Bronze Age pastures, climate change and environmental archives

Interdisciplinary research on the Dachstein plateau

Study area (© DAI/RomanScholz)

In the interdisciplinary project »Alpine Interdependencies«, researchers from the OeAI and the Romano-Germanic Commission of the Deutsches Archäologisches Institut are exploring the beginnings of high pasture use on the Dachstein plateau and the effects of climate change on prehistoric alpine societies.

The Dachstein massif is not only a space of special and fragile beauty, but also represents a cultural landscape that has developed over thousands of years. Humans and ecosystems have been in close and diverse interaction here for a long time.

Use of natural meadows

Over the past decades, more than 30 sites with hut remains or cultural layers dating to the Bronze Age have been discovered and documented by the Verein für Alpine Forschung rock art and settlement in the Alps – Austria (ANISA). This demonstrates that the natrual meadows of the Dachstein plateau – natural tree-free grasslands in the karst hollows of the plateau – were perceived as an important resource in Bronze Age landscape use.

New research on the Grafenbergalm

This finding gives rise to numerous new questions: When did the use of high pasture begin, in the Bronze Age or earlier? How intensively was high pasture used on the plateau in the Bronze Age and what influence did this have on the formation of the landscape we know today? Did the use of the land stop in the Early Iron Age and were climatic changes decisive for this? When was use resumed? How do prehistoric and Roman and later human-environment interactions differ?

These questions can be ideally investigated in the small region of the Grafenbergalm. There are several already known sites dating to the Bronze Age and the Roman Imperial Period. The large-scale alpine pasture area has many suspected sites that have not yet been investigated in detail. In addition, important environmental archives such as lakes and bogs can be found on the Grafenbergalm and in the adjacent area, which represent an important basis for research into the human influence on the Dachstein ecosystem over the last millennia.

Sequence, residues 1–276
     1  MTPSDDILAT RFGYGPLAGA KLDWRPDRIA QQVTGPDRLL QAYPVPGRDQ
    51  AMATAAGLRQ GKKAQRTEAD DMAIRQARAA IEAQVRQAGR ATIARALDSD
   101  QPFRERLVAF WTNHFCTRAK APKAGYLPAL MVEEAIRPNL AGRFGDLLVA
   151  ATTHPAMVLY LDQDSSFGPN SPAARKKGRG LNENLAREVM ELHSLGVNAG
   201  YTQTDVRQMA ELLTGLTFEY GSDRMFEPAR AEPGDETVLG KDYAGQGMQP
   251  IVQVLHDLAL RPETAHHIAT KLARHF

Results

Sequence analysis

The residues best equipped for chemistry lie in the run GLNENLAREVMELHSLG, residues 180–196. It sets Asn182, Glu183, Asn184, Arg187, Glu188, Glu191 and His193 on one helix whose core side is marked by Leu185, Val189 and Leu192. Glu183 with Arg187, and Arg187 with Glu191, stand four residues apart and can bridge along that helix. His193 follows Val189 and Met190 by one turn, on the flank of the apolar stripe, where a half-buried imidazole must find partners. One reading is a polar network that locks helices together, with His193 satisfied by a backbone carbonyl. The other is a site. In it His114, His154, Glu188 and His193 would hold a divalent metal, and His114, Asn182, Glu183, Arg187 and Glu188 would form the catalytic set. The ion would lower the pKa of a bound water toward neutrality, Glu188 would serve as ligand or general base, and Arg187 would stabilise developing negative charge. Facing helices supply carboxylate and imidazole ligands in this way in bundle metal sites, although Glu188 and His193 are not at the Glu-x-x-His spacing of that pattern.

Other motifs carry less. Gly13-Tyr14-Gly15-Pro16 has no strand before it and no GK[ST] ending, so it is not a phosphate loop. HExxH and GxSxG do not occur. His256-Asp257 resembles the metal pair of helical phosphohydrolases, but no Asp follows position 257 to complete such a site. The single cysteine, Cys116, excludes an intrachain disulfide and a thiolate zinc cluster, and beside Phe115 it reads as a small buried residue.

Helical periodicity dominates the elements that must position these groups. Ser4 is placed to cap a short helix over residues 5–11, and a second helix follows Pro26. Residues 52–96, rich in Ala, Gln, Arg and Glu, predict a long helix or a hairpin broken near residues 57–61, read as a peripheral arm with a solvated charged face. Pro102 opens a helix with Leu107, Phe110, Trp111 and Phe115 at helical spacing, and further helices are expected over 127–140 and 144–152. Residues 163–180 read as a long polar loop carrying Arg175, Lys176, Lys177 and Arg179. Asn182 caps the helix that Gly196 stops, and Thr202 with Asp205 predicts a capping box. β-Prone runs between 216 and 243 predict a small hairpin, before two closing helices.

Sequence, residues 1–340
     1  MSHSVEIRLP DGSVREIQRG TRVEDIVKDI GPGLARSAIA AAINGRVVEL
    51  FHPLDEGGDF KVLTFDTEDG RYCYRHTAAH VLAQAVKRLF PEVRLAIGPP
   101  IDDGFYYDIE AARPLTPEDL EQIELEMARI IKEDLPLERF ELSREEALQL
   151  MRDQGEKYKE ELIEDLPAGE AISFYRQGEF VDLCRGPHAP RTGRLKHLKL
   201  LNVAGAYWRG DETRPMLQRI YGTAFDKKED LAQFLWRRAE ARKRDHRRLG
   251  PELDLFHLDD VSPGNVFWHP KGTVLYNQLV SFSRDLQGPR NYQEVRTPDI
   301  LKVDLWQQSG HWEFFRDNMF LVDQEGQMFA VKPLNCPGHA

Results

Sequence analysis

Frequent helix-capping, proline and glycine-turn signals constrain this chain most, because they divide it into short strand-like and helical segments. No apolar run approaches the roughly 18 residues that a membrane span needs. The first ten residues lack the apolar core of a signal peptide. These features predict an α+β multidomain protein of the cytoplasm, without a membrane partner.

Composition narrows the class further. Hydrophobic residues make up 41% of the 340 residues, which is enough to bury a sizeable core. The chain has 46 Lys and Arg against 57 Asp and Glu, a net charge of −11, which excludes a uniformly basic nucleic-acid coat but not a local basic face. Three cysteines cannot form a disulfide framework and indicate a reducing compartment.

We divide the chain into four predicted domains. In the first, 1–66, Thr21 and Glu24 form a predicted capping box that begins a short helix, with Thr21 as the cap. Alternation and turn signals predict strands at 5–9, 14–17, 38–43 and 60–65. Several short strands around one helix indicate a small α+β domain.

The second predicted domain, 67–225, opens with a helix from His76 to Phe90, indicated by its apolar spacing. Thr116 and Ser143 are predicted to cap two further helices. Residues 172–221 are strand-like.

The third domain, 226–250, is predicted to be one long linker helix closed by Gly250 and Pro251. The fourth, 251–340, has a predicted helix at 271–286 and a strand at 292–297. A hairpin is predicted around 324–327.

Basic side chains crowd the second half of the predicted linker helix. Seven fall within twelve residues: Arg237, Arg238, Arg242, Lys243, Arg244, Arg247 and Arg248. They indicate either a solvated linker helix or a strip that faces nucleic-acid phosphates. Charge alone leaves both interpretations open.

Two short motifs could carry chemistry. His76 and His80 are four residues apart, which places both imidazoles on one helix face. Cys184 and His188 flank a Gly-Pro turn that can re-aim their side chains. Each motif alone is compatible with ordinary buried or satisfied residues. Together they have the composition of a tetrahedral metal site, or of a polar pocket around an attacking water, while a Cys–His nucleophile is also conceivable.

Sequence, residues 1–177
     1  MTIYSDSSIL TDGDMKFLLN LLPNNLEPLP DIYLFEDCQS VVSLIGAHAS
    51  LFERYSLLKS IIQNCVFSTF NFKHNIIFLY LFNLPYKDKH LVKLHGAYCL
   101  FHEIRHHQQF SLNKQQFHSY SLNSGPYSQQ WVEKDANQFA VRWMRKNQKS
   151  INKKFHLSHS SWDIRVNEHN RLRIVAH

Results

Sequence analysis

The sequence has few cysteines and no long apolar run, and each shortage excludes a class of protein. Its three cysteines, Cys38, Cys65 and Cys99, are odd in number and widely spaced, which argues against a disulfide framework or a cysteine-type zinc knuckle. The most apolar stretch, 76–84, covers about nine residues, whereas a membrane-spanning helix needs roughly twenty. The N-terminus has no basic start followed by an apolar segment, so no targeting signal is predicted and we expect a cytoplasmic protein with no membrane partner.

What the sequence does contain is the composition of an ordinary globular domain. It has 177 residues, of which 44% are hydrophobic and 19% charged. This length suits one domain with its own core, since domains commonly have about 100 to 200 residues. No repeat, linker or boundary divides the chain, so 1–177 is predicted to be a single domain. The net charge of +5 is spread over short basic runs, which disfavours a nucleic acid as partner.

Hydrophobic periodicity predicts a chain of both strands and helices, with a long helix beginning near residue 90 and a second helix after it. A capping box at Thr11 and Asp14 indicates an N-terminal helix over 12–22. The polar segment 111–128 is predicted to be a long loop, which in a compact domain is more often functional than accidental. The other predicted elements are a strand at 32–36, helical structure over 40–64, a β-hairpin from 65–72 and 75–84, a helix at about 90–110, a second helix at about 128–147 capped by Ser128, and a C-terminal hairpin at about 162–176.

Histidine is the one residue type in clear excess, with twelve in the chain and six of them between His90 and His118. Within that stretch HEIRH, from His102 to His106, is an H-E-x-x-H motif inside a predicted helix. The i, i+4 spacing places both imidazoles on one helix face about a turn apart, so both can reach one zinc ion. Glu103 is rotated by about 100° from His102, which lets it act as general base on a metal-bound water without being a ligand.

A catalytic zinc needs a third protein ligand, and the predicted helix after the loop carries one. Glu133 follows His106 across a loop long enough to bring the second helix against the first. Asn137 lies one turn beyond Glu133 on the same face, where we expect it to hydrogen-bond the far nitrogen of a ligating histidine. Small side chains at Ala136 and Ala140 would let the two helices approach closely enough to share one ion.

Geophysics and soil sampling

In the current field campaign the pasture areas were investigated using geophysical methods to detect new sites. They were systematically surveyed by magnetometer and the anomalies detected in the magnetics were sampled in dense grids. In addition soil samples were taken to investigate activity zones inside the archaeological sites.  The soil samples are now being analysed in cooperation with the Deutsches Archäologisches Institut and the University of Vienna. These analyses will enable new insights into the formation processes of alpine soils and represent an important key to the reconstruction of human activities over the last millennia.

This research is also of relevance for challenges society faces in the present and the future, as it provides insights into how intensive use over thousands of years is possible without causing substantial disruption to the ecosystem. Research work conducted by the Natural History Museum Vienna around Hallstatt has already brought insight into sustainable resource management in the past, such as the practice of sustainbale forestry for more than 3,000 years despite high pressure on resources.


Project Structure

Project lead: Kerstin Hofmann (RKG-DAI), Kerstin Kowarik (OeAI-OeAW)
Geomagnetic measurement and evaluation: Roman Scholz (RGK-DAI)
Soil sampling: Valentina Laaha (RGK-DAI), Daniel Brandner (ANISA)
Evaluation of soil samples: Valentina Laaha (RGK-DAI) as part of a Master's thesis at the Institute for Prehistory and Historical Archaeology (supervisor: Michael Doneus)
Preparation alpine field campaign: Daniel Brandner (ANISA)

Funding | Support

  • Austrian Archaeological Institute at the Austrian Academy of Sciences (OeAI-OeAW)
  • Romano-Germanic Commission of the Deutsches Archäologisches Institut (RGK-DAI)
  • Natural History Museum in Vienna (NHM)
  • Vereins für Alpine Forschung rock art and settlement in the Alps – Austria (ANISA)
  • University of Innsbruck

The project is also supported by the Agrargemeinschaft Grafenbergalm, the Agrargemeinschaft Weißenbach and the Österreichischen Bundesforste.